Young people would be less willing to have a coronavirus vaccine than older people, a new poll has found.
Of 18-24s, 67% said they would be happy to have a vaccine for COVID-19, compared to 81% of over 65s, according to a YouGov survey of 4,302 adults.
Meanwhile, 66% of 25-49s and 70% of 50-65s said they would have the vaccine when it became available.
And 8% of those aged 18-24 said they would refuse a vaccine, while 24% said they didn’t know.
Overall, 71% of people said they would take the vaccine, compared with 10% who wouldn't and 19% who said they did not know.
The results of the survey come after it was revealed on Monday that the COVID-19 vaccine being developed at the University of Oxford is safe and induces an immune reaction.
Researchers say their tests have revealed the jab could provide double protection against coronavirus, meaning it prompts a response in both parts of the immune system.
The early-stage trial found that the vaccine is safe and causes few side effects.
While hopes are growing for a potential vaccine that would see life returning to normal, England’s chief medical officer said it should not be compulsory to take it.
He told the Commons health and social care committee that making the vaccine mandatory was not his preferred option.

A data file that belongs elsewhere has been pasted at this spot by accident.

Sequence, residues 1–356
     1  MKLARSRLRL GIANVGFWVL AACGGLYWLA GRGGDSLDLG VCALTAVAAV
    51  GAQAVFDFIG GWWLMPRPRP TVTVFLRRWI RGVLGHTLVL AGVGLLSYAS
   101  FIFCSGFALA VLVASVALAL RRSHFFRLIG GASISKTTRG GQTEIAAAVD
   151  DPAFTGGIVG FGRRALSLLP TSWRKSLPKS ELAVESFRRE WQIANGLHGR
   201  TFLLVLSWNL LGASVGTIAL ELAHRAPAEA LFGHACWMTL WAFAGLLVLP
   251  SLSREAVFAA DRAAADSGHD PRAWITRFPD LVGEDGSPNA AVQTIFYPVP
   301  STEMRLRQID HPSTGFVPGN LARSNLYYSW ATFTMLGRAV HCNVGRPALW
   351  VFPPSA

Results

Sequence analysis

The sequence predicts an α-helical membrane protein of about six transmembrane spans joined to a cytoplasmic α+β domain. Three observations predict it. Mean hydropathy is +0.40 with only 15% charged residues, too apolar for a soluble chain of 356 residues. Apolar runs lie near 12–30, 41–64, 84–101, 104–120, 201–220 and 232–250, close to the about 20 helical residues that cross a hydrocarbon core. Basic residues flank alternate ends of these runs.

“Forcing people to have vaccines does not strike me as a good answer under any circumstances,” he said.
“We may well get a vaccine that in any case protects the individual but has no benefit to society – it’s simply to protect the individual.
“In which case, it’s entirely a matter of choice as to whether someone wishes to be protected against this very potentially significant disease.”
Whitty also said he does not believe the vaccine will be available by Christmas, adding: “We are incredibly excited by and proud of what the UK has done leading the way on vaccine science here and funding vaccines elsewhere,.
“But no one should be under any illusions – the chance of us getting a vaccine before Christmas that is actually highly effective are, in my view, very low.”
Whitty’s comments came after health secretary Matt Hancock left open the option that Britons could be forced to take a coronavirus vaccine.
During a briefing in May, Hancock said the government had “not addressed” the issue yet.
He told reporters: “We will only recommend a vaccine if it is safe and that means if we get a vaccine – and I very much hope we will – and people are asked to vaccinate, then they absolutely should, because we will only do it on the basis of clinical advice that it’s safe.”
“The question of whether it’s mandatory is not one we have addressed yet.
“We are still some time off a vaccine being available. I would hope – given the scale of this crisis, the overwhelming need for us to get through this and get the country back on its feet, and the very positive impact a vaccine would have – that everybody would have the vaccine.”